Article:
enjoy – her appearance on Saturday Night Live. Perhaps you are a more recent convert.
Whatever your affiliation, it is probably not enough for Violet Bent Backwards Over the Grass, a 40-
minute production that sounds like lit club poetry backed by arrangements that sound like they were
pulled from ancient radio melodramas. Take this example from the ponderously titled “Past the Bushes
Cypress Thriving”: “Georgia O’Keefe/Georgia peaches/Doing nothing but your painting/For forever/
Forget teachers/Forgive him for ever leaving.”
Del Rey is an excellent songwriter. Jack Antonoff, her producer here, was behind the boards for NFR!
and has made many great pop songs with other artists. The two of them clearly know what they are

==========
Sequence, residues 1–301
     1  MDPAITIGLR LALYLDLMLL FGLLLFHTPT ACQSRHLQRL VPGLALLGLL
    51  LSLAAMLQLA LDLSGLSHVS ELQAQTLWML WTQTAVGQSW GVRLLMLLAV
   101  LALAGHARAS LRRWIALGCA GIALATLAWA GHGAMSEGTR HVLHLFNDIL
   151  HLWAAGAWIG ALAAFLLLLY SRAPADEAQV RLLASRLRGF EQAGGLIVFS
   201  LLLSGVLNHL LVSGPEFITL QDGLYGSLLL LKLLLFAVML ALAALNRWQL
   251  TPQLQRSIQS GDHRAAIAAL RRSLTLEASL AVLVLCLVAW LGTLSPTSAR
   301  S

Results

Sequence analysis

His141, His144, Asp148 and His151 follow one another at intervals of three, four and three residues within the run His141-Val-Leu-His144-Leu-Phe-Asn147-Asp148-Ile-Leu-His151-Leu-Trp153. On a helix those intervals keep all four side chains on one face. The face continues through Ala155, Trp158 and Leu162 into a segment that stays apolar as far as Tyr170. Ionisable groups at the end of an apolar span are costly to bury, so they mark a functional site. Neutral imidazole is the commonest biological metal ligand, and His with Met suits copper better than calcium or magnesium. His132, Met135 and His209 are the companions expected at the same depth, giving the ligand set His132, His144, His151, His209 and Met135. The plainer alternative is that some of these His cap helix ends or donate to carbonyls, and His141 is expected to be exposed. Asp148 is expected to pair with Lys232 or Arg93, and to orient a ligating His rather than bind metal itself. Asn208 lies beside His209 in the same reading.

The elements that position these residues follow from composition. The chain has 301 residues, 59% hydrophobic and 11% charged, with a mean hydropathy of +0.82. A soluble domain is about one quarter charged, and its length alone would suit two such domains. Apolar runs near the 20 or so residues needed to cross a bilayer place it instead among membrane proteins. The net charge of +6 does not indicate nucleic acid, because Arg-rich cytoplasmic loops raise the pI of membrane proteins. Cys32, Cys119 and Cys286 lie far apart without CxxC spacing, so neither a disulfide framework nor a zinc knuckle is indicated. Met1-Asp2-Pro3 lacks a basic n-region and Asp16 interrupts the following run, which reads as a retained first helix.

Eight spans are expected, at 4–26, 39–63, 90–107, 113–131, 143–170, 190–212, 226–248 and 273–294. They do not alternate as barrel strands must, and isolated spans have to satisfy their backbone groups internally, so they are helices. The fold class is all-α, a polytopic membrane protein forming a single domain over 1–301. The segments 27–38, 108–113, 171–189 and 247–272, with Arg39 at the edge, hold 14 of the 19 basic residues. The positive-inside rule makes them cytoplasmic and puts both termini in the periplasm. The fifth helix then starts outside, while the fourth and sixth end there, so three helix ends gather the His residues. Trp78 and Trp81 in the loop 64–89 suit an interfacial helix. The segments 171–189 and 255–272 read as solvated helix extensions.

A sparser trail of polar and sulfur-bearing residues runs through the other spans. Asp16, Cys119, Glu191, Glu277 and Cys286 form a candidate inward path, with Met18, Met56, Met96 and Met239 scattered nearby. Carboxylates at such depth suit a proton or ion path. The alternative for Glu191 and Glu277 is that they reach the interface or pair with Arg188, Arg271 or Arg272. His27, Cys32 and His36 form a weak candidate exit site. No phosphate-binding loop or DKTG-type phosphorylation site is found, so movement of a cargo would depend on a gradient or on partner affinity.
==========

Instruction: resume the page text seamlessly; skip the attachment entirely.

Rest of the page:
doing. The problem here is what they are doing isn’t very good. A strong melody will mask even the
most inane lyrics. There’s not much poetry in the chorus to, say, “Land of 1,000 Dances” or “Brown-Eyed
Girl.” We sing along to those songs because of the energy in the performance. Spoken aloud against a
flat backdrop, they would fall apart. The same goes with the material here. Turn some of the poems into
songs with proper arrangements and they might flourish.
It is possible there are layers to Violet that surface after several listens. It is possible that some of these
pieces would work sprinkled amongst other songs on a playlist. It is also possible that exploring these
potential outcomes is not worth your time.
Fortunately, Del Rey has strongly suggested another pop album before the end of the year. Save your
time and money and wait for it.-Joel Francis

Lauryn Hill – Miseducation of Lauryn Hill

Little Howlin’ Wolf – The Guardian

Marcos Valle, Adrian Younge & Ali Shaheed Muhammad -Marcos Valle

Mariah Carey – Mariah Carey

Misfits – Misfits Collection

Nina Simone – The Hits [Special Edition, 180 gram Vinyl, Gatefold LP Jacket]

Nina Simone – Ultimate Collection